They shoot horses, don't they?
A big legal battle is brewing in Kaufman, TX over a horse rendering plant. The mayor thinks it's "a stigma" on the town.
The stable-to-table transaction leaves little room for middle ground in the town of 6,600 southeast of Dallas, where the plant has generated controversy since it began processing horses in the 1980s. Many residents accept the plant, which began as a cattle slaughter operation in the 1950s and employs about 50 people, a significant number in such a small town. Others want it closed.This is a classic battle between activists who push idealism and pratical people who see the benefits of a 50 employee business in a town of about 6,000 people.
Kaufman Mayor Paula Bacon falls into the second category, calling Dallas Crown "a stigma in our little town."
Responds Kaufman attorney Mark Calabria, who represents the plant: "Dallas Crown has been in business here for a long time. It's a good corporate citizen. We feel the mayor has unfairly singled us out."
Now the Federal courts are involved, state's rights are at stake and powerful forces are lining up against the plant.
A little-known Texas statute dating to 1949 prohibits the slaughter of horses for human consumption. The law gained new prominence in August 2002 when its legality was affirmed by John Cornyn, the attorney general at the time. Opponents of the slaughterhouses hoped to use the law to shut down the two plants.Seems a bit hypocritical for Texas to say that you can't slaughter horses, but if you do, you owe us taxes. Politicians, I'm sure, don't see the irony only the revenue source. Sort of like cigarette taxes.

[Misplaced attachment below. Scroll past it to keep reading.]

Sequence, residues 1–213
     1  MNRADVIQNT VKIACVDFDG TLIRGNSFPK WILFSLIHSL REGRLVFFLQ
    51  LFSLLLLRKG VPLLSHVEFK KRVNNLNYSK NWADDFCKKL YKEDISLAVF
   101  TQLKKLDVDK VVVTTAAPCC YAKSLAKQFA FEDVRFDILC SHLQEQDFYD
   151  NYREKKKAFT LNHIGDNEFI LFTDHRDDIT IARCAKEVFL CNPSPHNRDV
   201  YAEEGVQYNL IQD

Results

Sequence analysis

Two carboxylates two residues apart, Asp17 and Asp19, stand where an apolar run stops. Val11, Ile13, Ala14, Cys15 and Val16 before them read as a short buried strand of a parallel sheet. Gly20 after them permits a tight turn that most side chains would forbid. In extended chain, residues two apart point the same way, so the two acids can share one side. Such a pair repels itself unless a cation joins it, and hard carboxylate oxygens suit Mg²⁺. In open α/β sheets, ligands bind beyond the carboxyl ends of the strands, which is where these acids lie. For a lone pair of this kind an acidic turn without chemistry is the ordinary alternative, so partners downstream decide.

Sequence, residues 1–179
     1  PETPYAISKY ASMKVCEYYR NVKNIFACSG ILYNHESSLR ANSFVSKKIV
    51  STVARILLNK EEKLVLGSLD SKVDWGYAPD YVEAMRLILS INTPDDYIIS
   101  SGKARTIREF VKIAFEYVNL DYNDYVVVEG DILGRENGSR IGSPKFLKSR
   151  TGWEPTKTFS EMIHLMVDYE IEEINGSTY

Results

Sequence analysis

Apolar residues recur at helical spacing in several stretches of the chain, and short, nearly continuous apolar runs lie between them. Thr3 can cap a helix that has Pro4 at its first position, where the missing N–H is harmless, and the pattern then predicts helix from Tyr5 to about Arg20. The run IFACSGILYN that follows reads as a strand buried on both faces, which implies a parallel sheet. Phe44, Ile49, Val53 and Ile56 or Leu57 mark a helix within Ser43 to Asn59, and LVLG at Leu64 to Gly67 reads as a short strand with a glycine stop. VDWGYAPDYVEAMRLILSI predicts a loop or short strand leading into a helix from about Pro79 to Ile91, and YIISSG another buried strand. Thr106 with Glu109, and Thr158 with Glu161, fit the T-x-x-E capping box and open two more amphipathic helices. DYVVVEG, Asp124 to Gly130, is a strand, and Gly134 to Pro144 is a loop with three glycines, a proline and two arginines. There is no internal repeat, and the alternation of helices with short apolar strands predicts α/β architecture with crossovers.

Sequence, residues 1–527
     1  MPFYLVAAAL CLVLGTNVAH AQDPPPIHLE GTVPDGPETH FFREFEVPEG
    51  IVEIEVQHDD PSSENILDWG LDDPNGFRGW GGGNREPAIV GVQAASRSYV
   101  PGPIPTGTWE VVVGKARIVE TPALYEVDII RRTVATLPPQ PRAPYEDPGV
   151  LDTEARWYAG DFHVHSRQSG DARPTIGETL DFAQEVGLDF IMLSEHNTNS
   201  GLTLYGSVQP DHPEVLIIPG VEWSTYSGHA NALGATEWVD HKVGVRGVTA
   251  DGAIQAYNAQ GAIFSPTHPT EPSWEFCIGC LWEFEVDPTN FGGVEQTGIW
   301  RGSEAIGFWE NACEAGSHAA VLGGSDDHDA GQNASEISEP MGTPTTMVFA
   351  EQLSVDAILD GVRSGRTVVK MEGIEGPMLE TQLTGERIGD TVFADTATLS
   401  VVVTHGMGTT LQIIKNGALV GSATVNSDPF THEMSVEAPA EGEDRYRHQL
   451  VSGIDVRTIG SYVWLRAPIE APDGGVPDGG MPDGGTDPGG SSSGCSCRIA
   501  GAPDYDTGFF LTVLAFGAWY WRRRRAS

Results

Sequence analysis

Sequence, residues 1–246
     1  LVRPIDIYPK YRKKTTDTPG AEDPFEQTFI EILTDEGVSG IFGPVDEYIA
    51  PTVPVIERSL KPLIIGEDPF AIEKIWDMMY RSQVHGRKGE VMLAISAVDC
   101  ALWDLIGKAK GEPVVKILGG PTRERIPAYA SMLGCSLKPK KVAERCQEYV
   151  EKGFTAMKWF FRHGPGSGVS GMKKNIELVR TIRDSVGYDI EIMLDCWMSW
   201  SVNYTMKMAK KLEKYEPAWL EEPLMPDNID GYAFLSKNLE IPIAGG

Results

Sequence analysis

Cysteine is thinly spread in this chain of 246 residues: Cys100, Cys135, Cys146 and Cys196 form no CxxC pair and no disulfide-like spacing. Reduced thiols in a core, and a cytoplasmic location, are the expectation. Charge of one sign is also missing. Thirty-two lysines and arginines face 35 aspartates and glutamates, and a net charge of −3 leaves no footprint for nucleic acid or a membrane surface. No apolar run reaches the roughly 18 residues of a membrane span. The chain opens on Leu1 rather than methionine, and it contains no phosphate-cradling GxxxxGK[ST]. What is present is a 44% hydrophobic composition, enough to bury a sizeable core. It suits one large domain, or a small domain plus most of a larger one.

Soon after, Dallas Crown and Beltex received a temporary injunction in U.S. District Court to stay in business.
Mr. Linebarger argues that Texas doesn't have jurisdiction over interstate and international commerce, which are federal issues. Besides, he says, the state taxes and regulates the horse slaughter industry.